. . . once His Majesty has subdued people from various nations and languages, and being in need of transmitting the law of the conquerors in this language, I hereby present this Grammar to facilitate its learning . . .
In order to carry out language planning, one needs a language to plan for.
The Carolingian scholars did not merely become conscious that Romance and Latin were different . . . they invented the difference.
Outline of the chapter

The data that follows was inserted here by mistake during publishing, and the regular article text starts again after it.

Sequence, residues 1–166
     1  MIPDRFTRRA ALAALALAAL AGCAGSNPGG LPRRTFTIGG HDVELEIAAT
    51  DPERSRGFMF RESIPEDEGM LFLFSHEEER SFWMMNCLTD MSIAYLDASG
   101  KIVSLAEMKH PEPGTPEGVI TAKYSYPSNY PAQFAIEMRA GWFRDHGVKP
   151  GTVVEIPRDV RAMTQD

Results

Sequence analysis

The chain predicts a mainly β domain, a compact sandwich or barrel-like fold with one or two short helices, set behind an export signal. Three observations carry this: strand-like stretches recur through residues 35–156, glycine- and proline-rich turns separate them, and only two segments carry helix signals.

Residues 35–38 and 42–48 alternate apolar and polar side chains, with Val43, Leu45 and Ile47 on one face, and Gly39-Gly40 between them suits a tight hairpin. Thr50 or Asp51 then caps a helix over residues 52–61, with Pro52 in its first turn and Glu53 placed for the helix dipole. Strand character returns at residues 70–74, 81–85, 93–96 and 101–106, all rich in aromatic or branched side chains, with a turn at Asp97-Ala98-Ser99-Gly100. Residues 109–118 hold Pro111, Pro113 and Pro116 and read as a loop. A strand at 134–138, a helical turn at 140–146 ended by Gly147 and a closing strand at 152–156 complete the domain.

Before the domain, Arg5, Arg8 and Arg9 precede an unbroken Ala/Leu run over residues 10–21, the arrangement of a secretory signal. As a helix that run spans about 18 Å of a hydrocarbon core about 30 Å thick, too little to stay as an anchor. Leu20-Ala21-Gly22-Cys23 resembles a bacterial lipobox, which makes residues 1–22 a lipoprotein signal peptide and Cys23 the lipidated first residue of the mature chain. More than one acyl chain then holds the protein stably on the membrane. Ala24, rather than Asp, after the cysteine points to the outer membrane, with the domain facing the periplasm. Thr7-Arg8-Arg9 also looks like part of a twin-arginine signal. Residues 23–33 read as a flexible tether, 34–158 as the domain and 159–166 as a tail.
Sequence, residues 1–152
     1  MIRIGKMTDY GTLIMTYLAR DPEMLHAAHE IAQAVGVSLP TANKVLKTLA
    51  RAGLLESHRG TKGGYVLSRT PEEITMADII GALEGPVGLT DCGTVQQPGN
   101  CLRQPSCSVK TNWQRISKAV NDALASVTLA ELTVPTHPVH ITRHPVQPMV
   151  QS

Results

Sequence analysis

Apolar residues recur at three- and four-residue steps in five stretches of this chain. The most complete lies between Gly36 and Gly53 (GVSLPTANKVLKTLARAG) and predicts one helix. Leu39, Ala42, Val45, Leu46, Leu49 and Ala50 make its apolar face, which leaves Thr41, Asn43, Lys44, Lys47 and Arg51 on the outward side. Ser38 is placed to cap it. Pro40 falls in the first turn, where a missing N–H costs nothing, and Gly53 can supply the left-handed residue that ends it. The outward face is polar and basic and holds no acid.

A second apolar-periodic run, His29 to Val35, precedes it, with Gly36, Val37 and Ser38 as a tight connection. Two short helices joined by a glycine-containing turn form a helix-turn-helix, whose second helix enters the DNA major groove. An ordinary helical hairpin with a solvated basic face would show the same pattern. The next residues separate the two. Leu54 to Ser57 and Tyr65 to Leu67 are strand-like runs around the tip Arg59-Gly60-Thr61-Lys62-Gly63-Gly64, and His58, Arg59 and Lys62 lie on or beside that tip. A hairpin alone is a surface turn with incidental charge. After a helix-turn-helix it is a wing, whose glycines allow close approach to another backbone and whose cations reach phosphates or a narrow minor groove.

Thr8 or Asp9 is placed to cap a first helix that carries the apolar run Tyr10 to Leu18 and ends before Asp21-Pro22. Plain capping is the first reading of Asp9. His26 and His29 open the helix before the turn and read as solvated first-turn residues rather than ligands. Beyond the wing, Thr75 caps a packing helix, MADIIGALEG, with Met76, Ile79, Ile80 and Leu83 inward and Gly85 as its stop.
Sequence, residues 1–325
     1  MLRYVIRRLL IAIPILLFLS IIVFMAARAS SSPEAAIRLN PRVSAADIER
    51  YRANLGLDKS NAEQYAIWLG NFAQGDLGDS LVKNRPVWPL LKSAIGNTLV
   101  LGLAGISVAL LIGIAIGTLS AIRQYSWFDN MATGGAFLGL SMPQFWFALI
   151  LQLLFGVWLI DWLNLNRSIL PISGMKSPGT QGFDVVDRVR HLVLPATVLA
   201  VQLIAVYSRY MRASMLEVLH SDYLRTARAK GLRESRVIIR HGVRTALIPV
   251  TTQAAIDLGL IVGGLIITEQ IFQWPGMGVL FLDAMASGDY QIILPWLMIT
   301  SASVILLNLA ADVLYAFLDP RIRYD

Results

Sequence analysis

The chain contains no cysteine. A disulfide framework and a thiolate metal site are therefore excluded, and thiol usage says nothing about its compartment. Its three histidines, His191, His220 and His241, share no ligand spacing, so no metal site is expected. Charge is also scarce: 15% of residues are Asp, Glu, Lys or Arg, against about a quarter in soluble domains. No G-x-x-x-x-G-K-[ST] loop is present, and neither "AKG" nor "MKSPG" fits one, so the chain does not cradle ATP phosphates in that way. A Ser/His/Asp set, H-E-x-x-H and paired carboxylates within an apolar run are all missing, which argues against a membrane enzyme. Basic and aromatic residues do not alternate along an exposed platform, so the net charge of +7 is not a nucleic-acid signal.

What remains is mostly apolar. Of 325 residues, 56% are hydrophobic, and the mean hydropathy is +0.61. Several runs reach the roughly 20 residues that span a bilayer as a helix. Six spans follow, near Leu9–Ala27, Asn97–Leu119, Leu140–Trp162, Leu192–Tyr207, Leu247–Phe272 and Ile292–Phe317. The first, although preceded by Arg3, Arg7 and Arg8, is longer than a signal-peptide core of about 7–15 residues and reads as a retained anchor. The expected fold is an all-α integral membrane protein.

This chapter looks at politically motivated language choices, asking what language policy consists in and how it differs from other sociolinguistic choices. To illustrate the range of political language activities, examples of language policy at different levels of government are presented. A distinction is made between general language policy goals and specific language-planning activities designed to realize these goals within a set time frame; and the elements of a simple model of language planning are introduced. Language-planning activities are commonly divided into two categories, status planning and corpus planning. These notions are discussed on the basis of specific examples, and it is demonstrated how interventions concerning the status of a language interact with procedures designed to change its makeup. Much as careful preparation of corpus and status planning is necessary, the success of measures of both kinds is not decided at the drawing board. To be successful, a language policy has to be acceptable to the people concerned; for languages do not exist in the absence of a community of speakers. The problem of policies relating to languages whose community is dwindling is addressed, followed at the end of the chapter by a reminder of the conceptual and ideological differences between Western researchers and speakers of reticent languages.